Fat suits are at least less demanding on one’s body than major weight gain in a short period of time (hello, again, to Christian Bale, this time for Vice.) But the use of fatness as a costume comes with its own problems: the idea that you can literally shed the body that causes such strain and that before/after transformation becomes the focus of the promotional campaign.
At the heart of this problem is also one of pure craft: most fat suits don’t look good. They certainly don’t look like the real bodies of fat people, in terms of movement or physics. Part of this is a practical choice made by the filmmakers. It’s easier to make your lithe actor walk around in their fat suit if it’s lightweight, more like foam than flesh. Consider Gwyneth Paltrow in Shallow Hal or Eddie Murphy in Norbit, displays of efficiency rather than realism. All the better for a pratfall. Even in non-comedic narratives, fat suits take on an uncanny quality, such as Chrissy Metz, ironically, having to wear a fat suit for a season of American Horror Story. It’s difficult for make-up artists to fully replicate real skin, so many actors’ faces take on a strange sheen or green coloring with their added jowls. Some struggle to get the facial balance right, so every newly fat actor has the same shape to their cheeks and chin. There are rare exceptions. Gary Oldman’s prosthetics and fat suit in Darkest Hour, where he played Winston Churchill, are easily the most realistic ones I’ve ever seen in film. That probably didn’t hurt when it came to winning him his long-delayed Oscar.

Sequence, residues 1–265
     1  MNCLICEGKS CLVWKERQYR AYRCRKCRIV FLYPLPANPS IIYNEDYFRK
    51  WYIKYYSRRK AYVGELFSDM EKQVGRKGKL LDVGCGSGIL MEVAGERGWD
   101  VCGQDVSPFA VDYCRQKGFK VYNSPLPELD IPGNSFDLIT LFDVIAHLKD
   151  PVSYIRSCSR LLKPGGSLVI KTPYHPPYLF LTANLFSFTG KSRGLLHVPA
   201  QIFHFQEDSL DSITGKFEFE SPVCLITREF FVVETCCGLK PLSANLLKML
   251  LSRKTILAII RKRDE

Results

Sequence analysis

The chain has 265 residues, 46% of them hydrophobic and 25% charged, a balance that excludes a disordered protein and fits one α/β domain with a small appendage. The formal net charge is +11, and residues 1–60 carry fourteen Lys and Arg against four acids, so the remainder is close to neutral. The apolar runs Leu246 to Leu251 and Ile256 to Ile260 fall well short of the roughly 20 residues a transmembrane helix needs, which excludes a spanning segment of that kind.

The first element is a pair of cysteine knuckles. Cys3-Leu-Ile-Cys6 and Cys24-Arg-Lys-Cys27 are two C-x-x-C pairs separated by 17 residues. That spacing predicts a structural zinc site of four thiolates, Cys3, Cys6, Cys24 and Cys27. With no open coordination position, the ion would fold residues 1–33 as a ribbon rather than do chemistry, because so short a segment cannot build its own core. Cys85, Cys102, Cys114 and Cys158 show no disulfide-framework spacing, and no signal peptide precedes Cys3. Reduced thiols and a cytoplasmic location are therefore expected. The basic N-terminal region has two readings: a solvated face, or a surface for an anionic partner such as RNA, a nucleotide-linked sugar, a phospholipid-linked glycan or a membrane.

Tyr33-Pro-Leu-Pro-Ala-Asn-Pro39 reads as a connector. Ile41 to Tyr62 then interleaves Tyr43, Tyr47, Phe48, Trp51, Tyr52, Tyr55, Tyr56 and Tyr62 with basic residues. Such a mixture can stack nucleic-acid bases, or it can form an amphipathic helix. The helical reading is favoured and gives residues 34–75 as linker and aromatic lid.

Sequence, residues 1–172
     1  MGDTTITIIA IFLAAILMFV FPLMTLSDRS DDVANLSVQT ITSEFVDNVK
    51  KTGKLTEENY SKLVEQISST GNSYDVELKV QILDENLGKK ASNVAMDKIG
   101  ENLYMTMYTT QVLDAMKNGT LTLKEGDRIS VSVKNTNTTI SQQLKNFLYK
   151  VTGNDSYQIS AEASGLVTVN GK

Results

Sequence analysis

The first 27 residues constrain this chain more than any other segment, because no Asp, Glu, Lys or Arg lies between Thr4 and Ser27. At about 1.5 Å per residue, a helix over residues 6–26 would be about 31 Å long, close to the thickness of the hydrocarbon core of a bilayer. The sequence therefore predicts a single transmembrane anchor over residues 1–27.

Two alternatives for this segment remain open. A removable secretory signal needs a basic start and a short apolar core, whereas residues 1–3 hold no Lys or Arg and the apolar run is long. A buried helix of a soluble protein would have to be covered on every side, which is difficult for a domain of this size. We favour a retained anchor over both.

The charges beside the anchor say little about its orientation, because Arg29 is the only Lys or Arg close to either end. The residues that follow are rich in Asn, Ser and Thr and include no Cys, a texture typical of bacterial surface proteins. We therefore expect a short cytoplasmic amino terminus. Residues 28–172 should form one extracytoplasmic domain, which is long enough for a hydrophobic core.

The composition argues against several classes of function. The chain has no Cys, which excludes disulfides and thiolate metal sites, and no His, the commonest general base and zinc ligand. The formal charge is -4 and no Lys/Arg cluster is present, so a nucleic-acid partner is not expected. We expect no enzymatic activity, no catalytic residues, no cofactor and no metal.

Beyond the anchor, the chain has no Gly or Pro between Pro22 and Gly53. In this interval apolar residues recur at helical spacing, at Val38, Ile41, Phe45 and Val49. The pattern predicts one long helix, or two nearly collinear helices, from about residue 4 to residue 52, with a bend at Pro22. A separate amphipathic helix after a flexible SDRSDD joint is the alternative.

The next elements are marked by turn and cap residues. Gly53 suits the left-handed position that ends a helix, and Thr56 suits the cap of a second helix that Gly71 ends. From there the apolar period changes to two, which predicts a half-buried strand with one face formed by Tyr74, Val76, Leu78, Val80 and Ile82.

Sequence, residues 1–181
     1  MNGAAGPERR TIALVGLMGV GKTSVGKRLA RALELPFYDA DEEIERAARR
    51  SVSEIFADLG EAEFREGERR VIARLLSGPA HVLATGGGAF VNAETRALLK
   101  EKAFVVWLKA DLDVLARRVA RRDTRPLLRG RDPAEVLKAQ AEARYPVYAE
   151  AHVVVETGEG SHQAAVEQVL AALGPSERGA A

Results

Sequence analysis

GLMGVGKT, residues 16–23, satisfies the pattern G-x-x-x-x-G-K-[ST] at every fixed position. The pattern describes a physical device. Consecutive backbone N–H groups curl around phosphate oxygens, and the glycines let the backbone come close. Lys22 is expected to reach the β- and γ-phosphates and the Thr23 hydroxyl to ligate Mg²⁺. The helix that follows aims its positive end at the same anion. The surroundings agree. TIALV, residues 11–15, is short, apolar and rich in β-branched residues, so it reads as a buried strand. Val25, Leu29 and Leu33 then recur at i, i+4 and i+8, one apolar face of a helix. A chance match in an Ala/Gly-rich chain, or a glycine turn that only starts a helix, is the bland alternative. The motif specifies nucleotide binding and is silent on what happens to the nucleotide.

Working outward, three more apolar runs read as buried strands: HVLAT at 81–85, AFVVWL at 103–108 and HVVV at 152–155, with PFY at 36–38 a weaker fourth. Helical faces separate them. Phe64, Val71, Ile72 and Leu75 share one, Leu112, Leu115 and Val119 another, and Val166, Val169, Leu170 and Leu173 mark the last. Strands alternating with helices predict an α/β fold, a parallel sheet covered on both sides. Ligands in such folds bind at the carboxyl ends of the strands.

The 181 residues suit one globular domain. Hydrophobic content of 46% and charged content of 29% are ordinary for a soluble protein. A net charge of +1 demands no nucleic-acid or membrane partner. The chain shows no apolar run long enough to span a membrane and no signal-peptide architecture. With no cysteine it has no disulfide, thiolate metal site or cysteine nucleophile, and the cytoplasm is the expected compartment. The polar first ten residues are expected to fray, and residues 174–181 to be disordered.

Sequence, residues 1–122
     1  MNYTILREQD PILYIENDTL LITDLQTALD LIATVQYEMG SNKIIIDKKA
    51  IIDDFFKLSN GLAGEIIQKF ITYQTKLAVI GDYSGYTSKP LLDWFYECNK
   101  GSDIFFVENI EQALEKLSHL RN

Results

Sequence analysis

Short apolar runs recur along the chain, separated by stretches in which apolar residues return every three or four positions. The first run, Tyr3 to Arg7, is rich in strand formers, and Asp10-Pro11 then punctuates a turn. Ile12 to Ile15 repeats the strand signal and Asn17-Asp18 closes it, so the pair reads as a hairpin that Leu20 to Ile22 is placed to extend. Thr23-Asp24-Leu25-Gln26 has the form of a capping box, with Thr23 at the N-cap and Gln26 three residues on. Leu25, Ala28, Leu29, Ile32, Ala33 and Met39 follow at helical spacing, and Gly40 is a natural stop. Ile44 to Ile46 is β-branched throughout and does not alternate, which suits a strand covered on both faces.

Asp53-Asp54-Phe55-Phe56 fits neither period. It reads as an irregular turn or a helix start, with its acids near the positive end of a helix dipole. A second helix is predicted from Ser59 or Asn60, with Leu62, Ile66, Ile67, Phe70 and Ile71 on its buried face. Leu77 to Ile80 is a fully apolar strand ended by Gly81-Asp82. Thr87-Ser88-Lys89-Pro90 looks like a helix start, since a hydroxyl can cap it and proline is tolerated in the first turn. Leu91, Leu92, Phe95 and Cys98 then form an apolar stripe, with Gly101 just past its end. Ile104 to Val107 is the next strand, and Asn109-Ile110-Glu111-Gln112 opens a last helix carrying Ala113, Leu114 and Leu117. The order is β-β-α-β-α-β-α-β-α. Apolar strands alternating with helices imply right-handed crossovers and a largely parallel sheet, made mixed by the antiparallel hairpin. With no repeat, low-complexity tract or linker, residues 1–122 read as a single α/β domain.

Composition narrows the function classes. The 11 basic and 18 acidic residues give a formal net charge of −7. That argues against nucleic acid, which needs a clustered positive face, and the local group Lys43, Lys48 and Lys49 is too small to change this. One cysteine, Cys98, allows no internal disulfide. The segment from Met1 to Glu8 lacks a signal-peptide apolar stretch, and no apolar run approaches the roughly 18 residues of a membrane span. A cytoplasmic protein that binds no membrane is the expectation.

The Whale is not intended to be a ‘laugh at the fat person’ story in the way that so many films with fat suits are. Yet its treatment of a fat body cannot help but replicate some of those harmful tropes. A lot of this is rooted in the screenplay by Samuel D. Hunter, based on his own play, but it’s also an inevitability for a director like Aronofsky who is fascinated by the various ways our bodies betray and gross us out.
I do wonder if it would be possible to tell this story well, to explore the life of a depressed person with disordered eating who lives on the fringes and must deal with their failing health. There’s certainly a gap in the market for narratives that center such people. But there’s no way such a film would ever be made with the involvement of someone who lives that life. Aronofsky himself noted that it would have been impossible to insure an actor who weighed 600 pounds. The story of the fat suit is as much one of who gets to tell which stories and why as it is one of basic humanity. It’s also a plea for our entire society to reprogramme itself in terms of how we view and empathize with fat people. It’ll take a lot more than one film to change that, alas.